Team:Grenoble/Human Practice/BSS


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iGEM Grenoble 2012

DesignOther teams opinionCollaborationWhy is this important ?Improvement

BioBrick Safety Sheet (BSS)

Design of the Biobrick Safety Sheet

Synthetic biology is a new and emerging discipline with a lot of potential but also with an important part of risk. But unlike other disciplines such as chemistry there is no standard and reliable way of assessing risk!

Where does every component of our Biobrick come from? What was its initial function in nature? Should we fear a particular interaction with another component? Has a particular mutation been observed? These are the question that each biologist has asked himself at least once but could not find an answer because it is too complicated and exhausting!

To release your pain the Grenoble Team proposed to include safety informations in the registry part. Thus every team and every biologist would be able to have access to these information and even add his own observations and experimental results to enlarge the database.

To sum up, the Biobrick Safety Sheet includes mainly two sections:
  • A section where we specify the biobrick, the origin and the initial function of each component in nature (promoter, rbs, coding sequence…), the intrinsic safety of each component and the other components it could interact with.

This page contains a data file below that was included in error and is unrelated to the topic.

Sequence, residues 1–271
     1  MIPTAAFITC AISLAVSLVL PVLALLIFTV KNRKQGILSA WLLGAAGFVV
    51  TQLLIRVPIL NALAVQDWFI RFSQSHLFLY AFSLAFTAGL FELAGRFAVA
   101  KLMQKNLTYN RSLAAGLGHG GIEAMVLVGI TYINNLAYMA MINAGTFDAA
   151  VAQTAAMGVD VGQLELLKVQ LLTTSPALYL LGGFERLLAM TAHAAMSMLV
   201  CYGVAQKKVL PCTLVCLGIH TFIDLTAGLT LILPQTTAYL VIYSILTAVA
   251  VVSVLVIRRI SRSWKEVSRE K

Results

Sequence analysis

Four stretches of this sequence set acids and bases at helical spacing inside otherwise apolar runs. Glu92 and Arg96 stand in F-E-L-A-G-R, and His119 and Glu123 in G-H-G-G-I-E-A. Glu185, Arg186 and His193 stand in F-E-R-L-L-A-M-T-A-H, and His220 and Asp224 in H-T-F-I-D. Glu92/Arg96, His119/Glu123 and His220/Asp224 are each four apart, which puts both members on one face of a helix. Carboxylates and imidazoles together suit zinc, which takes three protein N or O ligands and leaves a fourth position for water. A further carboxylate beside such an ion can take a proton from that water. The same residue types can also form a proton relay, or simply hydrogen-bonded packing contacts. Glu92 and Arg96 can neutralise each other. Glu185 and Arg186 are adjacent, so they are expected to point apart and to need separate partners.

• A section that lists: the random interactions we observed during the construction, the results of at least one experiment that considers the environment in which the biobrick will evolve and other experiments we think it is important to consider in order to assess the biobrick risk level.

So, if every iGEM team cooperates and accepts to fill BSS, over years, the iGEM community will have access to a large biobricks database with the possible interactions for each biobrick in different environments. This will help have a deeper idea of the biobrick potential risk and thus enhance safety in synthetic biology.